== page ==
Saturday, February 24, 2007

Bush and the reorientation of the world

So this is not the long poem promised in my last session, but that will come, probably later tonight. But George W. Bush is a big figure in international politics and I thought I'd give him a little analysis, because I do think of international politics a lot. Let me start out by saying, I'm not going to demonize Bush and I don't think he's an idiot, but I do think he's made some serious and sometimes catastropic mistakes (as well as a few good moves) and he has in many ways led to a collossal change in the world of international politics, but on the other hand I think a lot of the changes in international politics he has made are in many ways accelerations of already beginning trends.

Let's start with what his foreign policy intended to do. I think when he was first elected Bush was honestly an isolationist. He ran on an isolationist platform and his party was highly isolaitonist except for the neo-cons who were background at most. Granted he did appoint neo-cons, but he also had a lot of old-fashioned conservatives like Dick Cheney, who really only became a neo-con after 9/11. The neo-cons I think at the time were loved by the intellectuals in some circles of the conservative movement and I think that prompted this move. But we should also remember before 9/11 the focus of the neo-cons was not on Iraq but on China. Our first big foreign policy squabble was not in the Middle East but with China. Yes, I've heard that the neo-cons prepared battle senarios with Iraq before 9/11, but remember when Bush was elected it was 2 years since we had given Iraq a bombing (under Clinton in 1998 for not allowing UN inspectors in and for suspected WMDs, when I first heard Bush's WMD claims were bogus I wondered about the 1998 claims given no evidence of the disposal of the previous supposedly huge stockpiles of WMDs, but then I started hearing that Clinton's intelligence men (led by George "slam-dunk" Tenet) were just as prone to pressure to tell Iraq had WMDs as Bush's) and heck, I'd prepare contingency plans for potential wars even if the actual chances were pretty low.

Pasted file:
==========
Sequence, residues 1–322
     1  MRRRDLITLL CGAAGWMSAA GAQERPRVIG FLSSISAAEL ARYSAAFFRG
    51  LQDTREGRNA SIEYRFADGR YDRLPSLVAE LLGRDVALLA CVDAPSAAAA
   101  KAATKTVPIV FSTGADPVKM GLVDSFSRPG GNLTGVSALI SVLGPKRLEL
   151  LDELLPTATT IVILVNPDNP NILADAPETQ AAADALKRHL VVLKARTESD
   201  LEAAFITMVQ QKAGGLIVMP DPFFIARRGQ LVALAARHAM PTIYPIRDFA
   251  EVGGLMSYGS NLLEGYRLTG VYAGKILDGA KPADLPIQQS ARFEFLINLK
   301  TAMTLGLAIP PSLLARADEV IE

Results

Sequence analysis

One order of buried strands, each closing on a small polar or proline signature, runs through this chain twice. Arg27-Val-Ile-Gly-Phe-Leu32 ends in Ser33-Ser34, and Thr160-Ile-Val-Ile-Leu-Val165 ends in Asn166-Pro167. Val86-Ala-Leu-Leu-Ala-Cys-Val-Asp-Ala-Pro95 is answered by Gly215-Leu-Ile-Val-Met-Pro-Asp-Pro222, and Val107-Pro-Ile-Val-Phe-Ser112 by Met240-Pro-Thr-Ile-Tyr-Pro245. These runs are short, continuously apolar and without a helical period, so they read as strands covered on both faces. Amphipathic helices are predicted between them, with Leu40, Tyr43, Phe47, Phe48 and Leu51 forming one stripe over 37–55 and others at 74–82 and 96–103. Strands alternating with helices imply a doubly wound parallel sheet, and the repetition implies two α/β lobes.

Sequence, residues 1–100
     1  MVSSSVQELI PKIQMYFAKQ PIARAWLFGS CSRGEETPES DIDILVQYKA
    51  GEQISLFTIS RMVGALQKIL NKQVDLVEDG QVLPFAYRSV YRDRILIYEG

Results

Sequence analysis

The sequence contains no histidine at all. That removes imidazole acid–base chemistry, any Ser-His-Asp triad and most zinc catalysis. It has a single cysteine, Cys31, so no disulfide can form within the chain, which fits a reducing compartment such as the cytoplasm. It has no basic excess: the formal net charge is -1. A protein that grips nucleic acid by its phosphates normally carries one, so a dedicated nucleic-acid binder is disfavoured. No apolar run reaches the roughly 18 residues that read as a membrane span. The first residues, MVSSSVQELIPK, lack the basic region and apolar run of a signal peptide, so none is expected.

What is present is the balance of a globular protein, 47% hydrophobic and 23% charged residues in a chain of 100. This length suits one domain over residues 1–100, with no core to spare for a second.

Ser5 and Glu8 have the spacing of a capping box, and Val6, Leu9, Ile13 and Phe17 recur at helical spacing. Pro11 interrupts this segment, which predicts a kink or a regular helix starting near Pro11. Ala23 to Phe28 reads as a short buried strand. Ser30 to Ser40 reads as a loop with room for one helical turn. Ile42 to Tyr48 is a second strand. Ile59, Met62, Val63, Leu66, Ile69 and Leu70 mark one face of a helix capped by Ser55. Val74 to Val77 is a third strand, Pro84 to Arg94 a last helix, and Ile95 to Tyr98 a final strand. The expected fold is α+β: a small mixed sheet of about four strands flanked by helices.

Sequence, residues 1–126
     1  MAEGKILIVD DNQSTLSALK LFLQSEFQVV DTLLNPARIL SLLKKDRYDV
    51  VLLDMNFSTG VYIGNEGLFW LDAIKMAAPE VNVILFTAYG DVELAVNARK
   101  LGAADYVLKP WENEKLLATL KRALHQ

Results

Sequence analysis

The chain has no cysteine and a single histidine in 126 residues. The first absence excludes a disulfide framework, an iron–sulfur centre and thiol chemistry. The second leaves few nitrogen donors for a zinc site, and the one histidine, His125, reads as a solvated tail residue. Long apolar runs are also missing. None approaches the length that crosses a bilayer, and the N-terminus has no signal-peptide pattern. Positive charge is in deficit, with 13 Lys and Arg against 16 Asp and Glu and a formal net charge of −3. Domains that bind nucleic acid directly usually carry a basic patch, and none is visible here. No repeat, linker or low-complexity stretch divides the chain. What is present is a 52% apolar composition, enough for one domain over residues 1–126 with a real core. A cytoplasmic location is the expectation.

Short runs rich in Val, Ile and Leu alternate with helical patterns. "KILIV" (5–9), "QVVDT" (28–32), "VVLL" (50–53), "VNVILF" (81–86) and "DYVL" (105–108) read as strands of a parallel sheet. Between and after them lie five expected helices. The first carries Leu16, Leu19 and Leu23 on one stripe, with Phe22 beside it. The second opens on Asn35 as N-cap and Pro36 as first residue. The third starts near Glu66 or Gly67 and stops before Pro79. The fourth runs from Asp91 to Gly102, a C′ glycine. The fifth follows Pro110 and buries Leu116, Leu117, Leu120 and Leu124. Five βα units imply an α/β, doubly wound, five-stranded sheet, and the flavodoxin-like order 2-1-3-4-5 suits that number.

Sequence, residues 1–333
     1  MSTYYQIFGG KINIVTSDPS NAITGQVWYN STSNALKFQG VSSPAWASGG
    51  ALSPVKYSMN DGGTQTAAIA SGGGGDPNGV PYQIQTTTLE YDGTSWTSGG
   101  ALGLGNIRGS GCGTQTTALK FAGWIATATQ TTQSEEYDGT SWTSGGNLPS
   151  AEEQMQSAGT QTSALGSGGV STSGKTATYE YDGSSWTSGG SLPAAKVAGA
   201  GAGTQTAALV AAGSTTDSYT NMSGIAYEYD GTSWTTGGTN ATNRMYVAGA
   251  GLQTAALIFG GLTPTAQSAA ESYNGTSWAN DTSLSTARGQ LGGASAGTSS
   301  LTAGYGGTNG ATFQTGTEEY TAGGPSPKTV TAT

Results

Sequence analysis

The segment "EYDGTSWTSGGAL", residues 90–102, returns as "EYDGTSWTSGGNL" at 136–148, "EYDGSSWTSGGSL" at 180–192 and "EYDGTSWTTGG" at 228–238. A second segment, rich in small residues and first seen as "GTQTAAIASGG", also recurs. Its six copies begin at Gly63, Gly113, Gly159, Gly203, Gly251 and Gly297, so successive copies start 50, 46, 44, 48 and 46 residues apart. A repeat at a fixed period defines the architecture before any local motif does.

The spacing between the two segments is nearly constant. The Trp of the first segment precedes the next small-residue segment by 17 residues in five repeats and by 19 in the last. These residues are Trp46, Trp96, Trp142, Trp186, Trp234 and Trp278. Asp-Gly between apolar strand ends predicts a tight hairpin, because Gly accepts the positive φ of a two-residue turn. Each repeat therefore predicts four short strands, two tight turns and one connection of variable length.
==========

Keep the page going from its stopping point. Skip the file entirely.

That said, all the plans for his foreign policy that he had before 9/11 completely changed after 9/11. Afghanistan was a move that anyone would have made. Gore would have made it, Kerry would have made it, McCain would have made it. It was sheltering and helping to train a global organization that was actively at war with us, it had in short declared an alliance with someone we were at war with, this made them a fair target for invasion. I know that sounds very glib and does not perhaps treat war with the gravity it deserves. War is hell, and should only be declared in cases where we are attacked or perhaps when another country is attacked (depends on the identity of the country being invaded and the country invading, for example it would be ridiculous to defend the Khemer Rouge when it was invaded by Vietnam, yes Vietnam was a bad regime but the Khemer Rouge was one of the most monsterous governments in history, on the other hand when Iraq invaded Kuwait we were justified in defending it, Kuwait's king might have been a dictator, but he was a decent one (he has since become a relatively good dictator and has been leading important democratizing intiatives although his government is far from a democracy) while what Iraq was doing to the Kuwatis was absolutely horrible), but in this case we were attacked and thus we were justified in attacking a vital ally of our attacker. Some might link this to Iraq and say Bush only attacks countries with oil, but in addition to my point above I'd like to say 2 cases is not enough to draw conclusions.